Biometric passwords expand the possibilities into the “something you are” category. A retina scan or fingerprint, for example, authenticates users based on something they are, and, in most cases, cannot change. Biometrics have a decided advantage over passwords because they don’t rely on users’ ability to remember them — you are who your retina says you are. There is a dramatic downside, however. Horror films have long exploited the plot line where a bad guy cuts out a target’s eyeball and uses it to log into a computer or enter a secure facility.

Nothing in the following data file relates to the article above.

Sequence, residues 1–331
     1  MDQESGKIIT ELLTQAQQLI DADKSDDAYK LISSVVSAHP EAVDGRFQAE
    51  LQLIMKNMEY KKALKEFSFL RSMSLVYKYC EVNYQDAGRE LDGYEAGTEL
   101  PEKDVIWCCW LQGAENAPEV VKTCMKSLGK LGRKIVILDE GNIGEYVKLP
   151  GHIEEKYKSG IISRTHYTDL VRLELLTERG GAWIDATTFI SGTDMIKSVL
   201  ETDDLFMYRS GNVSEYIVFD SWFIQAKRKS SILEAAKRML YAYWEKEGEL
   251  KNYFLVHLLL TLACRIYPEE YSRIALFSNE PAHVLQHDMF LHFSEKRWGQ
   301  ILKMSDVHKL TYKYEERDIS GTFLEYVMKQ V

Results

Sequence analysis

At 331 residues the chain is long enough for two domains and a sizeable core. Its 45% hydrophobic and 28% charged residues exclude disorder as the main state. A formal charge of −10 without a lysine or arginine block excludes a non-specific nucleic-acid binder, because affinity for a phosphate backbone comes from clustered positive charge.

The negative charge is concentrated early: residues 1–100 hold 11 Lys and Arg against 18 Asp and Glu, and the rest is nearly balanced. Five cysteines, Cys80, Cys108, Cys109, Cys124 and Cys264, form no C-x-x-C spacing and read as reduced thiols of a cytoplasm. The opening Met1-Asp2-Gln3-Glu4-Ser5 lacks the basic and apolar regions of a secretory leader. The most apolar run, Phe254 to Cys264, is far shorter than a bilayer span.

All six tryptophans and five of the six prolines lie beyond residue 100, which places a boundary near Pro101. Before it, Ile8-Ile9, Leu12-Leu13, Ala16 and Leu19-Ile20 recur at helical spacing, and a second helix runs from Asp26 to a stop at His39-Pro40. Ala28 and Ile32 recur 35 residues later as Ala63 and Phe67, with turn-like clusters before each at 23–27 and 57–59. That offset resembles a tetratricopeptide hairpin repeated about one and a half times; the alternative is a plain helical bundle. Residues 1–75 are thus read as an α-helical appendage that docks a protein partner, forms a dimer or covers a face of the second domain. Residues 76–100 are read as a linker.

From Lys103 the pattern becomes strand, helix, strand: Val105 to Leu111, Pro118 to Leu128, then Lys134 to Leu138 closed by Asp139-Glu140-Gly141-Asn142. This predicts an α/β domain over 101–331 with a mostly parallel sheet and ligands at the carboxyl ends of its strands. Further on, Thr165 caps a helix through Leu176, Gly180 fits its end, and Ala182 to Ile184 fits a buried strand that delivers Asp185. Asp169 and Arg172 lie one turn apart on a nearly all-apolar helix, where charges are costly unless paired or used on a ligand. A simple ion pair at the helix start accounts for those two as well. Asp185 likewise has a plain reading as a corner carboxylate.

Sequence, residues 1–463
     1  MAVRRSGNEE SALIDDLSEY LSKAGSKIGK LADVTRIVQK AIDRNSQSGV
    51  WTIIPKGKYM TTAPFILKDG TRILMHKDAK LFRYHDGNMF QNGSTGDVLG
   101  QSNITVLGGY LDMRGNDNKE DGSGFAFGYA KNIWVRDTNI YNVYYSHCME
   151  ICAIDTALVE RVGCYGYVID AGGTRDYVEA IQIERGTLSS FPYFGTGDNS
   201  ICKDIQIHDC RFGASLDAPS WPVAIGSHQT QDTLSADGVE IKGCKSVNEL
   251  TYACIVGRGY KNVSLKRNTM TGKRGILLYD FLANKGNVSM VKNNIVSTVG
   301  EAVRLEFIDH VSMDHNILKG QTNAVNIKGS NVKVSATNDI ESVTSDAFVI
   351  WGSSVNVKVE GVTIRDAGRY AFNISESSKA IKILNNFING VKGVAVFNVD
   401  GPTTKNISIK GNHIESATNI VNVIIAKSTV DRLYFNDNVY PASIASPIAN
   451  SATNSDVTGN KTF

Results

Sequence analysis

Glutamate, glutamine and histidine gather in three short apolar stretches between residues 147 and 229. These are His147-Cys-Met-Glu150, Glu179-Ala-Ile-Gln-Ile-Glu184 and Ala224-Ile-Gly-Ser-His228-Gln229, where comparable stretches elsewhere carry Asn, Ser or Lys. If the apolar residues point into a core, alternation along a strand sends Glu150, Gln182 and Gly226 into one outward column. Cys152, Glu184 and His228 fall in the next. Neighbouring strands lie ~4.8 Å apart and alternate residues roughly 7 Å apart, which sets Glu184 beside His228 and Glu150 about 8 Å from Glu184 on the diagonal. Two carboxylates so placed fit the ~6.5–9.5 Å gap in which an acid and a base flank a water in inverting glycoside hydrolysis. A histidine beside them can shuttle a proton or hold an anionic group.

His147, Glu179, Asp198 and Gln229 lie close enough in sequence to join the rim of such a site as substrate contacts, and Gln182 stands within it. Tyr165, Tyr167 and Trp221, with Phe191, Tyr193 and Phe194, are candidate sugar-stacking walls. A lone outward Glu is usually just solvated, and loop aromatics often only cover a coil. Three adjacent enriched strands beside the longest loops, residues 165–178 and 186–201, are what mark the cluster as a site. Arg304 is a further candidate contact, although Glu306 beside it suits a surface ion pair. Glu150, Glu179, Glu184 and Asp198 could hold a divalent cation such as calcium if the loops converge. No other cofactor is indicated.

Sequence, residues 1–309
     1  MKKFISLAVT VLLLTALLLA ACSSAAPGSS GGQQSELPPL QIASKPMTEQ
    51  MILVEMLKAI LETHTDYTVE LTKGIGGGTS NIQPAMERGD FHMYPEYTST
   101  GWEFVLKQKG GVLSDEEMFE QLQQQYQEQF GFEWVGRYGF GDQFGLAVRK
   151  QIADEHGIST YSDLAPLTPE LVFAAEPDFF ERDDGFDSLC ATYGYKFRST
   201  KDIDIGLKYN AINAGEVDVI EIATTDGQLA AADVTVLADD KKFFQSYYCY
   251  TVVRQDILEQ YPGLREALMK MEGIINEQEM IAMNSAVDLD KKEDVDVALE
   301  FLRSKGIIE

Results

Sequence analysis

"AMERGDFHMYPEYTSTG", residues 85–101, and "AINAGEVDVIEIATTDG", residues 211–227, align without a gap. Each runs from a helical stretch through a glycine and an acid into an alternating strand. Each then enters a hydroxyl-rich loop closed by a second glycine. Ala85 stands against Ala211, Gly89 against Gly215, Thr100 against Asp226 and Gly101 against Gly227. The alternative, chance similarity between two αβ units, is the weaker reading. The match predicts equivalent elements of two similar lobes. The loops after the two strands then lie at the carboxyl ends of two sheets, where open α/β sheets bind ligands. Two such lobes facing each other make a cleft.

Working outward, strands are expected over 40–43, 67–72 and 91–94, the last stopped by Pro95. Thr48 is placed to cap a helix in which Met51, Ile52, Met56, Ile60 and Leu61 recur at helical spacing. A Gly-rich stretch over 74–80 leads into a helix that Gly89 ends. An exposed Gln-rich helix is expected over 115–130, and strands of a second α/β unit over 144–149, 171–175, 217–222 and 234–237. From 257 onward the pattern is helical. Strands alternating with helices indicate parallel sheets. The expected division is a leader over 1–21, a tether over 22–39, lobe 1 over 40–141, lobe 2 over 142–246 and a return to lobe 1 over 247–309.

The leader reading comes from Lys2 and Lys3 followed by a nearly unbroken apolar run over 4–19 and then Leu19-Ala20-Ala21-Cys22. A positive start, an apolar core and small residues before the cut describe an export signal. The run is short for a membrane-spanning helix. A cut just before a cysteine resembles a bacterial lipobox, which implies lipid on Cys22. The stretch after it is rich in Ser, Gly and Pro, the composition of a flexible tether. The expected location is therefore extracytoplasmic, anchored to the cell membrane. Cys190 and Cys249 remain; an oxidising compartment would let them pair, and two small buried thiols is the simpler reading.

The newest technologies retain the advantage of biometrics, but don’t create the same level of physical risk. They involve “something you do,” such as the way you walk, as being researched at Carnegie Mellon. Another similar tool involves quantifying the unique way users type, a technique that’s been dubbed “keystroke analysis.” These so-called “behavioral” authentication mechanisms give systems architects four distinct methods to choose from.